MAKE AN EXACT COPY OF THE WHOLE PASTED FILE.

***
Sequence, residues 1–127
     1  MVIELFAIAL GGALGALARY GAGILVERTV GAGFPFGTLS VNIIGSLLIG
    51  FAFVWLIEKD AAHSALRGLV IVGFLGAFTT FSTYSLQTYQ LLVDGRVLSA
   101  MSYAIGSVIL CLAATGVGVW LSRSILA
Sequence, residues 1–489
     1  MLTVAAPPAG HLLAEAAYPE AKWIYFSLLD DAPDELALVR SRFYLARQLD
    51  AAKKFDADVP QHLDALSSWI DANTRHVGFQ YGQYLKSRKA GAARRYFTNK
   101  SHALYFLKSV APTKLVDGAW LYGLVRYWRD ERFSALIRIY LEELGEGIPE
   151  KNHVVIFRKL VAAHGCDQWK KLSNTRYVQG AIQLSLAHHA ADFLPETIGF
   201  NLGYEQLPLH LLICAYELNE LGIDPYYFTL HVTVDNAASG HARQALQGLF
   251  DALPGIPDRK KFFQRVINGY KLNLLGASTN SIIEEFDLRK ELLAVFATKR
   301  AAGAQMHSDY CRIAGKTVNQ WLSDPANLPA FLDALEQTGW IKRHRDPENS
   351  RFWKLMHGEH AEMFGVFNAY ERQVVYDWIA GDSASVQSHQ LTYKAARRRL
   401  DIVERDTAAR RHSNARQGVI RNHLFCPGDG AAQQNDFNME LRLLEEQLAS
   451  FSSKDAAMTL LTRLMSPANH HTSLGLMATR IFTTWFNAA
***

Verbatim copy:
Sequence, residues 1–127
     1  MVIELFAIAL GGALGALARY GAGILVERTV GAGFPFGTLS VNIIGSLLIG
    51  FAFVWLIEKD AAHSALRGLV IVGFLGAFTT FSTYSLQTYQ LLVDGRVLSA
   101  MSYAIGSVIL CLAATGVGVW LSRSILA
Sequence, residues 1–489
     1  MLTVAAPPAG HLLAEAAYPE AKWIYFSLLD DAPDELALVR SRFYLARQLD
    51  AAKKFDADVP QHLDALSSWI DANTRHVGFQ YGQYLKSRKA GAARRYFTNK
   101  SHALYFLKSV APTKLVDGAW LYGLVRYWRD ERFSALIRIY LEELGEGIPE
   151  KNHVVIFRKL VAAHGCDQWK KLSNTRYVQG AIQLSLAHHA ADFLPETIGF
   201  NLGYEQLPLH LLICAYELNE LGIDPYYFTL HVTVDNAASG HARQALQGLF
   251  DALPGIPDRK KFFQRVINGY KLNLLGASTN SIIEEFDLRK ELLAVFATKR
   301  AAGAQMHSDY CRIAGKTVNQ WLSDPANLPA FLDALEQTGW IKRHRDPENS
   351  RFWKLMHGEH AEMFGVFNAY ERQVVYDWIA GDSASVQSHQ LTYKAARRRL
   401  DIVERDTAAR RHSNARQGVI RNHLFCPGDG AAQQNDFNME LRLLEEQLAS
   451  FSSKDAAMTL LTRLMSPANH HTSLGLMATR IFTTWFNAA